Predator Exposure founder continues work due to ‘depraved’ people online

Paedophile entrapment enterprise has followers in Australia and South Africa

Paedophile vigilante group, Predator Exposure, sets up fake identities of teenage girls on Facebook

Paedophile vigilante group, Predator Exposure, sets up fake identities of teenage girls on Facebook

 

The head of paedophile vigilante group Predator Exposure has said he is motivated by the number of “depraved” people he comes across in his line of work.

The father of five, who gave his name as Phil, began his unusual operation, based in the UK, when he was asked by a friend to catch a man who had been talking to their daughter on Facebook.

At the time, more than 15 months ago, Phil did not need to use entrapment because the man involved had already “dug his own grave” with a number of “sick and abusive messages” to his friend’s teenage daughter.

“All I had to do was find the guy,” says Phil.

When he did, Phil turned the man over to the police and a court appearance and successful conviction ensued.

“This was the start of an eye opener to what is happening out there on Facebook and social media,” says Phil.

Phil set up a fake profile of a teenage girl on Facebook, complete with a profile picture and albums of photographs. The fakes he uses are of girls over 16 but look young for their age.

“Once you have done that, the friend requests start flooding in,” he said.

“It happens really quickly, it is quite sickening to see how fast older blokes come on to request these young girls as friends.”

Worlwide following

His Predator Exposure campaign has spread worldwide, attracting followers in Australia and South Africa.

The group’s page on Facebook, which was set up 15 months ago, now has more than 128,000 followers.

Phil now has 15 volunteer decoys working with him.

“It’s really hard work,” says Phil. “I work full-time and then come home on a night and do this. You have to put in a lot of hours.”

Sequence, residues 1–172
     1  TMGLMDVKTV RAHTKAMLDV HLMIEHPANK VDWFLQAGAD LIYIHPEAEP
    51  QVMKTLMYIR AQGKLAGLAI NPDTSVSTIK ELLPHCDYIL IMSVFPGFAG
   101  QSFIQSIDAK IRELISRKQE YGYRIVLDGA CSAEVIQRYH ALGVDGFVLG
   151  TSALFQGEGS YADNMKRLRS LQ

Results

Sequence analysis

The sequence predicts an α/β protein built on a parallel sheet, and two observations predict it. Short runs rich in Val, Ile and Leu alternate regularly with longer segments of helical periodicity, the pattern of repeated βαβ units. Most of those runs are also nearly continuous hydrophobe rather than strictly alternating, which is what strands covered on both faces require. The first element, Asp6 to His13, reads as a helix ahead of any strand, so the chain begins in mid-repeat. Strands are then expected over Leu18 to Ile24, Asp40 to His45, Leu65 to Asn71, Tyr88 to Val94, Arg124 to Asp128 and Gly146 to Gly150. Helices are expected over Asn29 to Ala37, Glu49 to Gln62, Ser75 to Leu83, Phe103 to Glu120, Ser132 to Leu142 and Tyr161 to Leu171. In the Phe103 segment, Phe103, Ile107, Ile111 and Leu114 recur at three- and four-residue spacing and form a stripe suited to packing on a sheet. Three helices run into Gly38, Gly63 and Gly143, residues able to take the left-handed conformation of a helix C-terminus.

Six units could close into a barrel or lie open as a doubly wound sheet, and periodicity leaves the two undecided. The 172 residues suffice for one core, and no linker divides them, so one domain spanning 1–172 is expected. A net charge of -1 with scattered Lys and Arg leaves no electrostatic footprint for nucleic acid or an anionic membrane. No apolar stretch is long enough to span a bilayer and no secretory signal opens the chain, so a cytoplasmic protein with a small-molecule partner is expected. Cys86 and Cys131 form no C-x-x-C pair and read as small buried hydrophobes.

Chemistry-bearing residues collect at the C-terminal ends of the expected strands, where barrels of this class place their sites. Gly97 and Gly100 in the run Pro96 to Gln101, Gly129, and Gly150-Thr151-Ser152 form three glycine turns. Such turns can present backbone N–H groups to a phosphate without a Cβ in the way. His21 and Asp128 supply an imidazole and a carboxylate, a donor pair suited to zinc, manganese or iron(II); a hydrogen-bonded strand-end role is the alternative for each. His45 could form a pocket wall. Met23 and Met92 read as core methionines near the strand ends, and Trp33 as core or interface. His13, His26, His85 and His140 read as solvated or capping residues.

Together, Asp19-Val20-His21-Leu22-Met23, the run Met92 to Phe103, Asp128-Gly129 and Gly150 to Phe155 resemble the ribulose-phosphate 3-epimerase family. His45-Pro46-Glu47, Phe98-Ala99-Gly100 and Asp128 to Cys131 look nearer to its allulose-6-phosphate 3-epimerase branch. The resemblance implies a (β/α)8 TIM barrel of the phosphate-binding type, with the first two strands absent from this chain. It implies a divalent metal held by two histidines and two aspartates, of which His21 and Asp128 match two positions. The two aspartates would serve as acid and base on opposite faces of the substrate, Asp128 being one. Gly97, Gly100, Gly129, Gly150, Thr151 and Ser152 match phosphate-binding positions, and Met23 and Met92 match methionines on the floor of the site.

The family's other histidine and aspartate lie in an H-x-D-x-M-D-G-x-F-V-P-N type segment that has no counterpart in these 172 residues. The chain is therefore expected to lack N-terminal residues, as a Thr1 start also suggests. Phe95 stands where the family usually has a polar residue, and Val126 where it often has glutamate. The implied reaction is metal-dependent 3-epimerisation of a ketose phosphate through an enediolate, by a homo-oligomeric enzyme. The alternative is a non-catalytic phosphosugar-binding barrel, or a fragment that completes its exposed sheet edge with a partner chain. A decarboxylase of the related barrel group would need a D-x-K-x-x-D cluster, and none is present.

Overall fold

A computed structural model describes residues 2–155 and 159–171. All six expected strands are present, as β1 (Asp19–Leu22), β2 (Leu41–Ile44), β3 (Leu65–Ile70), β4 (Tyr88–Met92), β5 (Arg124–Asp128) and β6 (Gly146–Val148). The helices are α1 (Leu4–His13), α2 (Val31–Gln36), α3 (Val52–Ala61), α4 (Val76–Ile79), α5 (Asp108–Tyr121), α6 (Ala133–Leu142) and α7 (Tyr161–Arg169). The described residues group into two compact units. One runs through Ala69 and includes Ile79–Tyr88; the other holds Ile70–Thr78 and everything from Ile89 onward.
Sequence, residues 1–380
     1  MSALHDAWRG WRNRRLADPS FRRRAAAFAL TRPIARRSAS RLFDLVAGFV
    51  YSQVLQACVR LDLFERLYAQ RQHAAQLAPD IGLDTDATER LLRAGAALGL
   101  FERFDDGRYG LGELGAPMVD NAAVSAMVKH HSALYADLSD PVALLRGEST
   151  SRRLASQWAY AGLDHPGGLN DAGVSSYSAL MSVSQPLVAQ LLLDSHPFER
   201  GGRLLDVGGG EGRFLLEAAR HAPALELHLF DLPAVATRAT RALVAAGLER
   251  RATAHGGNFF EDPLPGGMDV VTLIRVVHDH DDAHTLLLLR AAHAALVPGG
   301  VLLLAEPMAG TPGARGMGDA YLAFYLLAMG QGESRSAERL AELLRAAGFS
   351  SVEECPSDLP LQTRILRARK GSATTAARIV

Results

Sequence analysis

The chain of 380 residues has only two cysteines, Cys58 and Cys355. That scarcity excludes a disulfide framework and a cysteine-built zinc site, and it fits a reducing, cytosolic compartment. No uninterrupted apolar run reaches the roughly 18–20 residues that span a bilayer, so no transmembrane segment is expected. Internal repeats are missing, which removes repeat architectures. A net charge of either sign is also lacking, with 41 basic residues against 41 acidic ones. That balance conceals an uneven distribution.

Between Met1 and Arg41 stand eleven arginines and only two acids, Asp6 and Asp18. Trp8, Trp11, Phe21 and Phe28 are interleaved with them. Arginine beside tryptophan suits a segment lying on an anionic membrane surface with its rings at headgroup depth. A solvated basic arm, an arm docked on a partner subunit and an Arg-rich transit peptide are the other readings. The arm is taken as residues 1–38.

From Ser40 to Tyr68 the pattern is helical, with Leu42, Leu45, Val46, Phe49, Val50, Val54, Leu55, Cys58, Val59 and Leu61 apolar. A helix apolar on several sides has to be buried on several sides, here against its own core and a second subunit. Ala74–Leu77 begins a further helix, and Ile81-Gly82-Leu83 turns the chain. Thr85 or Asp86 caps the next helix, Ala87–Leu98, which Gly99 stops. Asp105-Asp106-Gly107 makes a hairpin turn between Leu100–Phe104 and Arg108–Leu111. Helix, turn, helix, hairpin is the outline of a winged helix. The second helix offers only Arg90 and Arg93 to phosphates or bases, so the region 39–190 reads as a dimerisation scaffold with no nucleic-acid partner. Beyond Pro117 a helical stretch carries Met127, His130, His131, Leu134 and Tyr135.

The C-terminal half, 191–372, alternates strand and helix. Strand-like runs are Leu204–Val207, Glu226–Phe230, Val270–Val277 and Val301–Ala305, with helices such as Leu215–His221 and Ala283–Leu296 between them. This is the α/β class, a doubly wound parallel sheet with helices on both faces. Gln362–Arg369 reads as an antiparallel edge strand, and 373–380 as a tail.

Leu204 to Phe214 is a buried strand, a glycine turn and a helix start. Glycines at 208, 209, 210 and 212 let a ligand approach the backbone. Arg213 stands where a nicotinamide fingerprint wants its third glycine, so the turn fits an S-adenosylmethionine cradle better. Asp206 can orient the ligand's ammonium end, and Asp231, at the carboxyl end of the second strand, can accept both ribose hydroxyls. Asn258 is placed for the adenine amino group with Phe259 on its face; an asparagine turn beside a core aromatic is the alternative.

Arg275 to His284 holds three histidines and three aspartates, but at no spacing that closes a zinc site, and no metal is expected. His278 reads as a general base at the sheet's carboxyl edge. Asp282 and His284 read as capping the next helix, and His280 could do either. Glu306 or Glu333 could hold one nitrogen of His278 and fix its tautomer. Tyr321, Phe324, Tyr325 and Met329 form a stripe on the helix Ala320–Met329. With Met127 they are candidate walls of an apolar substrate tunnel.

Once a paedophile has been in touch, the decoy will then engage with them.

“When they say hi, we say hi back,” says Phil. “Pretty early on they will ask how old we are and we will tell them we are 13, 14 or 15.

“We always make sure we are upfront about our decoy’s age. We have to make it clear what age we are so that it stands up in court,” he says.

A lot of their engagements end in a meet-up where suspect paedophiles can expect their contact to be live-streamed on the Predator Exposure’s Facebook page. Each stream can expect around 200,000 shares.

“When we meet up with these guys they will often cry and complain and say they didn’t mean it, but I’m not having any of that.

Police handover

“If you don’t want to be exposed for what you are then don’t engage with children on Facebook.”

The “predators” are then handed over to police. But sentences for this kind of crime, where there is no actual victim, can be very low.

“That’s why we stream them,” says Phil. “They have their life sentence right there. Everyone can see what they are.”

The behaviour does not get them into difficulty with police.

“They were a bit wary of us at first but now they know what we do,” he says.

He said he does not let his children use Facebook.

“Facebook is not a place for kids, it’s dangerous. You don’t know who you’re speaking to,” he says.

As for their future, Phil says they are looking into having several volunteer decoy set-ups across the north. They are also thinking about going into schools to talk to children about online dangers.

The Leeds group already have their own T-shirts emblazoned with their silver logo.

“What we see on a daily basis is what keeps us going,” says Phil.